SNP Councillor Lorna Douglas highlights the important work of Jean's Bothy in her Councillor Column


ONE year ago, I attended an open day at what was then known as Jean’s Cottage in Helensburgh – the bungalow on the corner of East and South King Street.

The open day was to engage the community, in particular individuals, families and groups who either have, live or work with people affected by mental health or wellbeing issues and to get ideas that would create and shape a ‘mental health hub’ for people living in Helensburgh and Lomond and the organisations that help them.

A year on from that I was delighted to attend another open day at the renamed ‘Jean’s Bothy’ recently and saw how this building and the energy inside it is shaping up for the hub’s official launch later this month.

It is amazing how the combination of creative thinking, vision and the will and determination of individuals and groups who are passionate about a particular subject can take an idea of an alternative way of looking at something, in this case mental health, and together have the confidence to drive it forward and to turn it into a reality.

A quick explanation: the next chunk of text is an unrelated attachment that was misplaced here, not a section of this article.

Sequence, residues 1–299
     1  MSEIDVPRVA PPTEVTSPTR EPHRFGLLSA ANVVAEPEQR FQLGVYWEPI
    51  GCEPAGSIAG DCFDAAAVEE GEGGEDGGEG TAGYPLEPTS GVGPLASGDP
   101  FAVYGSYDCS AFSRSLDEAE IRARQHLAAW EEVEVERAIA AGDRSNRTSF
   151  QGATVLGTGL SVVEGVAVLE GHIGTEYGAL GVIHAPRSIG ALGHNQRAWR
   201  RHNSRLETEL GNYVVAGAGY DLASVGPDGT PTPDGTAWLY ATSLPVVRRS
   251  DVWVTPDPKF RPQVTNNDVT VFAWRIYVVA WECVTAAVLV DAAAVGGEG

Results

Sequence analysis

It’s great to see people and organisations embracing this move in a different direction, from the more traditional model of providing care for an individual in a clinical setting, to one of creating a community for those individuals and their family and friends.

It’s also amazing how the environment and atmosphere of a building and its surrounding grounds can change – not just because of a lick of paint being applied, or the grass and hedges being cut and some new flooring being put in, but by the energy and hopes of the people who use it.

The stigma around mental health has to be challenged – not just to help the individuals whose lives are affected by mental health or wellbeing issues, but to help those people’s families too.

Silencing or hiding the issue, as has happened too often in the past, will only make matters worse for all concerned.

Jean’s Bothy, as the mental health hub for this area, is a physical statement that says this: mental health issues are not going to be hidden away in Helensburgh and Lomond. Nor will they be hushed or silenced.

For this building will be talked about, and most importantly, it will provide a new space for the voices of the people in our community who use it.